The Penguin Edit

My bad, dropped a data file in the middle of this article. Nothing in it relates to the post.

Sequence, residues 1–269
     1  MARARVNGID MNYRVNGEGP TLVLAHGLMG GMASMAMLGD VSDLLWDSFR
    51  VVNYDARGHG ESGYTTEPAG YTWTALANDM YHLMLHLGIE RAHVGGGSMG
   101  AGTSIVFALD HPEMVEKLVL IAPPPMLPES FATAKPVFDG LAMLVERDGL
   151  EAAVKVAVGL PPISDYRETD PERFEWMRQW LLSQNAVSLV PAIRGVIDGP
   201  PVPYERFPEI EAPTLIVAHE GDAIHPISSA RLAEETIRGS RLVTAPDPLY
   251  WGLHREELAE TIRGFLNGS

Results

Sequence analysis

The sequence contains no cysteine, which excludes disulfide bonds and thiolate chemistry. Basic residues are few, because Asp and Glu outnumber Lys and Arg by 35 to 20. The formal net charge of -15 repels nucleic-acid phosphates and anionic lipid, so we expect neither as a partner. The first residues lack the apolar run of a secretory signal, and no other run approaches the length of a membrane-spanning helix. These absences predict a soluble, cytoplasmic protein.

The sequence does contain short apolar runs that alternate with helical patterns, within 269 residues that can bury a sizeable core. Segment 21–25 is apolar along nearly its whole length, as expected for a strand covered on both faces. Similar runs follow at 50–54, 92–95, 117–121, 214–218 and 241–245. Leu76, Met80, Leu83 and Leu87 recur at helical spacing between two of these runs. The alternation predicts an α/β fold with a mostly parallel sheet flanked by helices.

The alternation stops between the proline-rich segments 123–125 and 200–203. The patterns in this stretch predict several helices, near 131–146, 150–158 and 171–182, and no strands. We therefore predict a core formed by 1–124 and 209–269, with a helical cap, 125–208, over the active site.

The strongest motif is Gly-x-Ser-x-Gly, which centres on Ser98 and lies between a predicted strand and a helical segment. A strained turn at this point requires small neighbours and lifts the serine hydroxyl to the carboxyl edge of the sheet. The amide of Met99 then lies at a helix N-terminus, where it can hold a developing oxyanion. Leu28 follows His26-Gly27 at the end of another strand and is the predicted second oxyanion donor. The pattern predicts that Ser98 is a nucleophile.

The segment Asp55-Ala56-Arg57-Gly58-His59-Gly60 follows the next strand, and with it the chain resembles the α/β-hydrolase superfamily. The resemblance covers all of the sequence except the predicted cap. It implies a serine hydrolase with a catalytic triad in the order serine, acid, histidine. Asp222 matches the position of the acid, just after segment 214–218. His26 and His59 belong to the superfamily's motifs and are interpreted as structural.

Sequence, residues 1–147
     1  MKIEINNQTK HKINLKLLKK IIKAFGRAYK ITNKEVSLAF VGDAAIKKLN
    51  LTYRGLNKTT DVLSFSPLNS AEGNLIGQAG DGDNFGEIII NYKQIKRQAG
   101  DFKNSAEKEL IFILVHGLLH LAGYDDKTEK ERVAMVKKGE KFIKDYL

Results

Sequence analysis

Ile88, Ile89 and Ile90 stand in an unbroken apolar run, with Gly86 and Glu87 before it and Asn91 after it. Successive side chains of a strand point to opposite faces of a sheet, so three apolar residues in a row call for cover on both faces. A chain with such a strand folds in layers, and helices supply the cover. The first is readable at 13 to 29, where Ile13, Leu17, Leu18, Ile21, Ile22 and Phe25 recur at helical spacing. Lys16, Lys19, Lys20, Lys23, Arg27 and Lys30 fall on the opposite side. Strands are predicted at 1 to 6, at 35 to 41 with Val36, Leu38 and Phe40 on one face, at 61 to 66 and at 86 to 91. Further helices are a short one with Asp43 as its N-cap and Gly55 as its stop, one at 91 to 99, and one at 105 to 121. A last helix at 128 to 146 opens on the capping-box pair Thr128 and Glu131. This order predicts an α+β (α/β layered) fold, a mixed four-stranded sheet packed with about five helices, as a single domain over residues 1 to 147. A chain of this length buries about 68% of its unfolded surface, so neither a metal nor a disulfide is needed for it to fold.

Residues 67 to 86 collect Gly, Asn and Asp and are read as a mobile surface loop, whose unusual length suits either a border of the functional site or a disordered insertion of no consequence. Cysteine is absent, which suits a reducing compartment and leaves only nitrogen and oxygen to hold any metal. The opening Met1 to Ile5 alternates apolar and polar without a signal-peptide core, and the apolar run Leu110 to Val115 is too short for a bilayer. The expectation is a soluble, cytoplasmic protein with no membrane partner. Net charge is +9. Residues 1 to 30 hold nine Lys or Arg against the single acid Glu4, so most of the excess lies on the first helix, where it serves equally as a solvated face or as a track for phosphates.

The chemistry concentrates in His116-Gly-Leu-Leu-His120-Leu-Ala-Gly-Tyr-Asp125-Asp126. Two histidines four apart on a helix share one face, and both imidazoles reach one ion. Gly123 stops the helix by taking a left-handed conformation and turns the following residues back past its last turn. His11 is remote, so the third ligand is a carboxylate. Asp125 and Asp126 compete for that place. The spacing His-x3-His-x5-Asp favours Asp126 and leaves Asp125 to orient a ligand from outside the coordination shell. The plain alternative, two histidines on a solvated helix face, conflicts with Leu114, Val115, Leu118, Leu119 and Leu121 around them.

“The Man of 1,000 Umbrellas”—the plunderingPenguin—belies the stereotype of the fearsomesupervillain. He is obese, smokes, dresses as ifhe's stepping out for a night at the opera,surrounds himself with birds, and wieldsbumbershoots as weapons. Despite his comicalappearance, the Penguin has remained one ofthe Batman's feistiest foes since his firstappearance in DC Comics' Detective Comics#58 (1941). Legend offers conflicting storiesbehind the creation of this waddling wrongdoer.Batman creator Bob Kane cited the cartoonpenguin icon for Kool cigarettes as the villain'sinspiration, while Batman's unsung champion,ghostwriter Bill Finger, remarked that he foundhis felonious muse in emperor penguins, thestately yet stout birds that resemble tuxedoedmen. Another contradicting report is the five-page tale “The True Story of Batman and Robin,”published in DC's Real Fact Comics #5 (1947),which suggests that Kane dreamt up thePenguin upon spying a portly “eccentric fellow”strolling with an unopened umbrella on ablisteringly sunny day. From whichever roost thePenguin hatched, his motivations are clear: tofeather his nest with ill-gotten gain, much to theconsternation of Gotham City's guardians,Batman and Robin. To achieve this goal, thePenguin employs an arsenal of trick umbrellasspecially outfitted for the cagey bird's menacingbrand of fowl play. When cornered in a heist bythe meddlesome Dynamic Duo, the Penguinmight brandish a pyro-parasol, forcing Batmanand Robin to dodge a jet of flame; a machine-gun umbrella, spraying a hail of gunfire at theheroes; or an acid-squirting bumbershoot for apotentially lethal big splash. The tip of thePenguin's umbrella is razor-sharp, and he's notaverse to using it when making a point. When allelse fails and escape is his only option, sometype of getaway umbrella is always at hisfingertips, from a spring-coiled “pogo-rella” to ajet-propelled rocketumbrella to a rotor-bladehelicopter-umbrella. The Penguin's parasolfixation harkens back to his childhood, when, asOswald Chesterfield Cobblepot, he was forced tocarry an umbrella at all times at the behest ofhis overprotective mother, who worried he mighttake ill from exposure to the elements. Podgyand beak-nosed, young Cobblepot was eggedon by classmates who mercilessly derided him,nicknaming him “Penguin.” The ostracizedOswald had no friends, save the feathered onesat his mother's bird shop. From this kinship hewas inspired to study ornithology in college, butafter the passing of his mother and the bankforeclosure of the family's shop, Cobblepotturned to crime. Motivated by the desire to profitfrom a society that had rejected him, hebecomes the Penguin, Gotham's most dapperand deadly thief. But not too deadly. Despite hisperilous umbrella arsenal, during comics' GoldenAge (1938–1954) the Penguin was essentially acomic foil to the Dynamic Duo. He wasBatman's most gentlemanly adversary, tippinghis hat to his caped foe, and he sometimesemployed henchmen to do his dirty work. ThePenguin toddled through several tales a year inthe pages of Batman, Detective, and World'sFinest Comics, in mirthful romps with titles like“Four Birds of a Feather” (Batman #11, 1942),“The Penguin's Nest” (Batman #36, 1946), and“The Umbrellas of Crime” (Detective #134, 1948),comfortably predictable crime capers featuringeither birds or umbrellas (or both). The cover toDetective #67 (1942), depicting “The Man WhoUses Birdlore for Banditry” escaping his Bat-foes by riding an ostrich, proved that Penguinstories were not to be taken seriously. By theend the Golden Age, Batman's colorful rogues'gallery was being supplanted by gangsters andalien invaders, and after “The Golden Eggs” inBatman #99 (1956), the Penguin migrated intolimbo. Bill Finger, along with artists SheldonMoldoff and Charles Paris, resurrected theflabby felon in Batman #155 (1963) in a storyappropriately titled “The Return of the Penguin.”Cobblepot, flustered by the scoffs of underworldincorrigibles who regarded him a has-been,emerged from retirement by taking to the skiesin his “Penguin's Roc,” a penguin-shapeddirigible. During the superhero boom of the mid-1960s, the Penguin became one of comics'most recognizable supervillains after BurgessMeredith's portrayal of the character in ABC'slive-action Batman series (1966–1968). Deckedout in black tails and a purple top hat,Meredith's fanciful birdlike sway captivatedviewers, as did his famous Penquin “quack.”That sound, as the actor once revealed in aninterview with journalist James H. Burns, wasthe result of Meredith's allergy to cigarettesmoke: “The smoke would get caught in mythroat. Since I didn't want to constantly ruintakes by coughing out loud—which the smokeforced me to do—I developed the Penguin's‘quack, quack' to cover it.” Meredith's Penguinappeared in more Batman episodes than anyother supervillain, and teamed with the Joker,Catwoman, and the Riddler in the motion-picturespin-off of the series, Batman (1966). Thanks tothis wave of popularity, the Penguin's paunchypuss was plastered onto a bonanza of Batman-related merchandising. He was one of manyBat-villains appearing on trading cards, plasticcoins, and board games, but unlike his fellowfiends he was the only Batman villainimmortalized as a plastic model kit, courtesy ofmodel-maker Aurora. A flock of Penguin reprintsfrom the 1950s was gathered in Batman vs. thePenguin (Signet Books, 1966), the fourth of sixquickie paperbacks capitalizing on the Batmancraze. The villain also fought Batman and Robinin “The Penguin's Fowl Play,” one of a series ofsixteen-page Batman mini-comic giveaways in1966 boxes of Kellogg's Pop Tarts. After thecancellation of the live-action Batman, the heroleapt into animation in CBS's TheBatman/Superman Hour (1968–1969) and TheAdventures of Batman and Robin (1969–1970),and the Penguin fluttered to his side, appearingin such episodes as “In Again Out AgainPenguin” and “Two Penguins Too Many.” ThePenguin found TV animation a popular perch: heappeared in short Batman cartoons runningduring the premier season (1970) of SesameStreet; teamed with the Joker to fight Batman,Robin, and the Scooby-Doo gang in The NewScooby-Doo Movies (1972–1974); and was arecurring adversary in The New Adventures ofBatman (1977–1978), in episodes that would berebroadcast for several more seasons undervarious Batman show incarnations. Also duringthe 1970s, the Penguin was heavilymerchandized as action figures (in a variety ofsizes) from the Mego Toy Corp., and on sew-onclothing patches, 7-11 Slurpee cups, and Pepsidrinking glasses available at fast-food outlets.He appeared in comic-book ads for HostessTwinkies, and in 1977— in perhaps the oddestincarnations ever conceived for supervillains—sang and danced with other DC heroes andvillains in the traveling stage show Bugs BunnyMeets the Super-Heroes and water-skied inSeaworld's Salute to the DC Super-Heroes. ThePenguin was not treated as well in his hostmedium of comics. In the early 1970s DCComics rejected the campiness of Batman'stelevision heyday and returned the hero to hismoody “creature of the night” roots, making thejovial Penguin an uncomfortable fit in this noir-ish world. He still surfaced for a token, nostalgicappearance from time to time throughout the1970s and 1980s, even returning to television in1985 as a villain on The Super Powers Team:Galactic Guardians, a tie-in to Kenner Toys'Super Powers action-figure line, which includeda Penguin figure. In “The Killing Peck” in SecretOrigins Special #1 (1989), the Penguin wasgiven a harsher edge, his brutality spawned byrepressed hatred for those who tormented himduring his youth. Three years later, director TimBurton's Batman Returns (1992) thrust thePenguin back into the media spotlight in ahorrifying interpretation portrayed by DannyDeVito. A sewer-dwelling freak of nature,DeVito's gruesome, sludge-slobbering Penguinreportedly frightened young filmgoers andenraged their mothers—much to the chagrin ofMcDonald's, which had licensed the villain forHappy Meals toys. The darker tone of BatmanReturns aside, the movie managed to borrowtwo bits from the live-action Batman series (thePenguin running for mayor and stealing theBatmobile), but nearly lost its footing with itsabsurd climax featuring thousands of penguinsarmed with missiles. The Burton Penguin wassoftened for the fall 1992 debut of the long-running Batman: The Animated Series, withPaul Williams voicing the debonair racketeer.The Penguin was back on the tube in a newanimated series, the WB's The Batman (2004–-present), with actor Tom Kenny in the role. Inthe 1999 multi-part story “No Man's Land,”serialized through DC's Batman family of titles,Gotham City was devastated by an earthquake,allowing the opportunistic Penguin to reapobscene profits by gouging citizens andcriminals alike on grossly overpricednecessities. In the 2000s the Penguin operatesa covert crime cartel under the auspices of hislegitimate business ventures, including theGotham hotspot the Iceberg Lounge. Batman,however, knows that the Penguin cannot betrusted and forever keeps the Man of 1,000Umbrellas under his watchful eye.